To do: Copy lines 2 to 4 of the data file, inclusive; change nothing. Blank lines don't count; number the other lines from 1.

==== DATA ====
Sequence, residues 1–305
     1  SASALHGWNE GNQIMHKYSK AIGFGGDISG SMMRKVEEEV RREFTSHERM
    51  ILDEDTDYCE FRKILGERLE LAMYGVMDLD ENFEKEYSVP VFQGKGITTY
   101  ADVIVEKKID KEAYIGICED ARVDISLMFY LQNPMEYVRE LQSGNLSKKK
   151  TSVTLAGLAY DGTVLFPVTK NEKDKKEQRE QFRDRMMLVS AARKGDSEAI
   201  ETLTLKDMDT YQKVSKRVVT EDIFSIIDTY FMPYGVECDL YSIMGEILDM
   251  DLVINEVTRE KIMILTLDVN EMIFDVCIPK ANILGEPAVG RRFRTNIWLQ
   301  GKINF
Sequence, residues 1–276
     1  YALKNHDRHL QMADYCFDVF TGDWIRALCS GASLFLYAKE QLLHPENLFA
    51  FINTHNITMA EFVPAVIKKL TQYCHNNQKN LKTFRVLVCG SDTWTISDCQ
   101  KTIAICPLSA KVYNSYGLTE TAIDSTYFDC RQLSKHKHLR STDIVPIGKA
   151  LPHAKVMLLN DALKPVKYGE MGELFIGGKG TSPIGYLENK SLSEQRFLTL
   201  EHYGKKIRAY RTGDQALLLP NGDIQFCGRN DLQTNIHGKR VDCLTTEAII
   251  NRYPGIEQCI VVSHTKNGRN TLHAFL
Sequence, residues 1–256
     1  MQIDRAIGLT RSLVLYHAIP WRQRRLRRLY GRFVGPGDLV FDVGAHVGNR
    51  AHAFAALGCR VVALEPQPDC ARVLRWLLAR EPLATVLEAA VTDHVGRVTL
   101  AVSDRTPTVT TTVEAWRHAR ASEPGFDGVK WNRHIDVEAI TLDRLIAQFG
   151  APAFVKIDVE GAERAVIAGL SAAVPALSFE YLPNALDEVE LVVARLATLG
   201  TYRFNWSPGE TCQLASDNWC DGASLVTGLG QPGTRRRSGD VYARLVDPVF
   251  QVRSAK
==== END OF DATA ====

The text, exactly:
     1  SASALHGWNE GNQIMHKYSK AIGFGGDISG SMMRKVEEEV RREFTSHERM
    51  ILDEDTDYCE FRKILGERLE LAMYGVMDLD ENFEKEYSVP VFQGKGITTY
   101  ADVIVEKKID KEAYIGICED ARVDISLMFY LQNPMEYVRE LQSGNLSKKK